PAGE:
Pekin Insurance has always considered itself an agent-oriented insurance carrier, but the insurance world has changed and more policyholders want direct access to their policy and claims information.

Allowing their customers access through the web to the full-service carrier’s policyholder data created new security challenges for Pekin and its IT team to develop an application that would provide that access, according to Davin Miller, lead technical support analyst for Pekin.

IT took on the task of writing a new application, but the web apps in the past had been written in a legacy application development environment, according to Miller.

“With the new breed of developers we had in house and after a departmental reorganization we decided to expand and update our development environment,” he says.

Pekin decided to go with a .NET 4 WCF-type application housed on IS 8 servers.

“We were looking at our legacy DMZ environment and at that time we were converting all our servers to virtual machines,” says Miller. “We were faced with a dilemma. If we went with our typical DMZ—a sandwich DMZ between two traditional firewalls—we were looking at facing a VMware cluster within that DMZ. We had already invested a lot of money in our internal cluster and we were looking for ways to securely extend the DMZ to use VMs within that cluster.”

Pekin examined different topologies and came to the conclusion that the sandwich DMZ was not going to fit its needs, according to Miller.

“Looking at that criteria that was set by the business and wanting to use more up-to-date infrastructure to support the application we decided on a load balancer,” he says. “We still wanted a layered approach to our security so we aren’t depending completely on one environment. “

Pekin began looking for solutions and the carrier’s new head of security recommended F5 Networks products. The company had used Cisco products in the past, but Miller also knew F5 had a good reputation, which turned out to be a key factor in the selection process.

“When comparing products, if we don’t have time for a bake-off, the first place I look at is the tech forums to see what people are griping about,” he says. “One of the things I was impressed with about F5 was the responses their customers were getting from the F5 engineers. It just impressed me how quickly they were getting back and how thorough the answers were. Being a Cisco guy I was biased, but in the long run we decided on the F5 product.”

Pekin already had redundancy built into its VMware solution and wanted to do a layered approach. The IT team decided to stick with the traditional Cisco ASA redundant pair immediately facing the Internet to perform traditional firewall functions and behind that place the F5 Big IP solution.

“After running some tests our security guy recommended a Web application firewall,” says Miller. “This was going to be our first one. Before, with the traditional access control list—your typical layer-three type firewall—the web application firewall was new to us. There’s always been a disconnect between the infrastructure team and the development team. With a web application firewall, the two sides better know each other very well.”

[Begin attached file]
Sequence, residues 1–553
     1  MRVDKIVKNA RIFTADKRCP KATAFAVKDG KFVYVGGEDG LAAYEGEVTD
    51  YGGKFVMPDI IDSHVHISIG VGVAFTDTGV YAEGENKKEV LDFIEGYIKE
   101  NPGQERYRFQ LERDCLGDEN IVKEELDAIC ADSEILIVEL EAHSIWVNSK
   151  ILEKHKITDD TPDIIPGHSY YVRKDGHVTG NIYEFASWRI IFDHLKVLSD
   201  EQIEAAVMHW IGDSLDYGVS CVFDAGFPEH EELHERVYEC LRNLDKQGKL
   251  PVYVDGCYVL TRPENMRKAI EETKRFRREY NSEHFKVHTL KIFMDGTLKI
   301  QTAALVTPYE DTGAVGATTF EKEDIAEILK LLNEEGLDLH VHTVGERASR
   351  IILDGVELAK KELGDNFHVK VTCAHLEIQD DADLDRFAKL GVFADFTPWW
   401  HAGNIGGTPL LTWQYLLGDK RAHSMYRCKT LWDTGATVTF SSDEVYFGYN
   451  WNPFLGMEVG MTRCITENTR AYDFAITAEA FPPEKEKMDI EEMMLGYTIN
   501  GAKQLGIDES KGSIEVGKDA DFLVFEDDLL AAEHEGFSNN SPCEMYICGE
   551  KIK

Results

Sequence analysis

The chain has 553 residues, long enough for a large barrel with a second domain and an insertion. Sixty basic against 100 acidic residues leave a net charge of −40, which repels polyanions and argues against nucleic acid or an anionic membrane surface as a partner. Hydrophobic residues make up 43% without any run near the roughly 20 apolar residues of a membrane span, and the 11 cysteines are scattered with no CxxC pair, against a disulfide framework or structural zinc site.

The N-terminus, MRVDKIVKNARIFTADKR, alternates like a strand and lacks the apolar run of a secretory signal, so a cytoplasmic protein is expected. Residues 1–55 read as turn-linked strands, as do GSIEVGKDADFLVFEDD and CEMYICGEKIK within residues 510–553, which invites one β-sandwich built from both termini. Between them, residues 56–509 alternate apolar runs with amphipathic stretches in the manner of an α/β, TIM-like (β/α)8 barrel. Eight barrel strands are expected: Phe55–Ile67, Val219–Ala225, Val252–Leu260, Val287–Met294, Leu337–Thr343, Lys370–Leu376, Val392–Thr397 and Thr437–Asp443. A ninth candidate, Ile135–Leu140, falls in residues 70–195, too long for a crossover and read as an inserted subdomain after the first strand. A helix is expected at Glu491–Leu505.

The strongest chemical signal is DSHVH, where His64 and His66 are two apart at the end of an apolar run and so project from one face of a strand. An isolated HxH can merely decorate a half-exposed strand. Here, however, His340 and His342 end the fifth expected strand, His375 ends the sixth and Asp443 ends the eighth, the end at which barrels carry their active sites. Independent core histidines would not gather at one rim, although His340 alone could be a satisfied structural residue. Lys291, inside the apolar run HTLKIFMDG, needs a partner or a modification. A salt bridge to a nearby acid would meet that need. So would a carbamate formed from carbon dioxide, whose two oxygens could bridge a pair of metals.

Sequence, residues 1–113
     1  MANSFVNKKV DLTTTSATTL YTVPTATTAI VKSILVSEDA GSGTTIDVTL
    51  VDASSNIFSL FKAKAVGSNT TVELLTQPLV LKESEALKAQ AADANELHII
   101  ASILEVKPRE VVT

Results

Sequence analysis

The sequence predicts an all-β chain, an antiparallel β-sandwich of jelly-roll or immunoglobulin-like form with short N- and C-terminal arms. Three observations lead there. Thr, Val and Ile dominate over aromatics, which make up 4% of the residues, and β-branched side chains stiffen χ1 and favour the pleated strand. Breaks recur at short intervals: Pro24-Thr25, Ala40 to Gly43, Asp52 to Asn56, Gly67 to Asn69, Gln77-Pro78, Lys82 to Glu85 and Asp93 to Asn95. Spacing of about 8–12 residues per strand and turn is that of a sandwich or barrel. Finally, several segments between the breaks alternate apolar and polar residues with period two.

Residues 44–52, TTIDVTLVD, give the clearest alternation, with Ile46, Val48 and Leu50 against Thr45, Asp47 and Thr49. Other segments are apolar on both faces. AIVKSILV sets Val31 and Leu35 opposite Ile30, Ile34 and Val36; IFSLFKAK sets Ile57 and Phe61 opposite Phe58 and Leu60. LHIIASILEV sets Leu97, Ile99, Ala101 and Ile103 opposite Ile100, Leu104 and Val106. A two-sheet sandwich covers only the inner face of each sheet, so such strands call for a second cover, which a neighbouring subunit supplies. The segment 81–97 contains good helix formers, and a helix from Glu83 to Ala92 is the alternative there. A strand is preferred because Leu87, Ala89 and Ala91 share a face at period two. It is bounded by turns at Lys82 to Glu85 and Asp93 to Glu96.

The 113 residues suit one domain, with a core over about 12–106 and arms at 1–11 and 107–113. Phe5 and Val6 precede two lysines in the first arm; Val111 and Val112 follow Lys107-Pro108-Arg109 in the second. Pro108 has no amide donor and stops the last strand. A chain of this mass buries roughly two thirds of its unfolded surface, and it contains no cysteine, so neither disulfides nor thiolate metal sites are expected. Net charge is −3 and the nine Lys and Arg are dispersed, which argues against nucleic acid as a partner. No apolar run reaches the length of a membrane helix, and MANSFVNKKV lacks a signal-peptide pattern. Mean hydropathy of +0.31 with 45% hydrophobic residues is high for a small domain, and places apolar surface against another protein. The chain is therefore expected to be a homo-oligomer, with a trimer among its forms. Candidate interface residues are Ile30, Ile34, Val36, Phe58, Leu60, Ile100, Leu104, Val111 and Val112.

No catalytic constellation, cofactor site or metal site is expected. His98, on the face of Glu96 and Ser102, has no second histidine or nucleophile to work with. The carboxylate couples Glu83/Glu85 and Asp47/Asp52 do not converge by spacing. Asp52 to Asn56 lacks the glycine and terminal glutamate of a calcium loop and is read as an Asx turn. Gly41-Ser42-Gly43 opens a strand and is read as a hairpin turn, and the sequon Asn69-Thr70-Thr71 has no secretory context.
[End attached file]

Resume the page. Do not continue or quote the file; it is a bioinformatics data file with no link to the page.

Since beginning this project in 2011, Pekin has added a mobile app that takes advantage of the same services as the traditional ACTPS app provided. The mobile app expands on this, according to Miller.

The project also was Pekin’s first attempt using agile methodology.

“We learned a lot from it—some things were painful, but we made agile fit in our environment,” says Miller. “It was a good learning experience for the developers, the infrastructure team, and management.”

One of the positives of this project, according to Miller, is the business side sees IT can handle the new technologies and that the 100-member IT shop is flexible enough to change if the business changes.

“Many of us have to be jack-of-all-trades, so we see more of a big picture vs. our little slice of the pie,” he says. “There are more advantages to that than disadvantages.”

Miller believes that the Pekin IT shop had been in a kind of technology slump before this project, but he believes they have now sprung forward.

“That’s kind of rewarding. I can’t say everything went perfectly, but the fact that we delivered as good a product as we’ve delivered and that it’s been received well is rewarding,” he says.

Once completed, Pekin started off with some internal employees and now they have more than 6,000 policyholders signed on.  They are also about ready to release the mobile version, which Miller believes will be a springboard for adoption.

“We’re starting with iOS, but we are going to use Android as well,” he says. “There are a lot of challenges. The business sometimes gets a little ahead of the game and we have to come back with some changes for security purposes. Everything is about security today so we had to slow things down a bit, but the product we released is better for it. Some people look at mobile apps and web technology as almost being a commodity. It really isn’t. It may be for the economy, but not for the people that have to develop it.”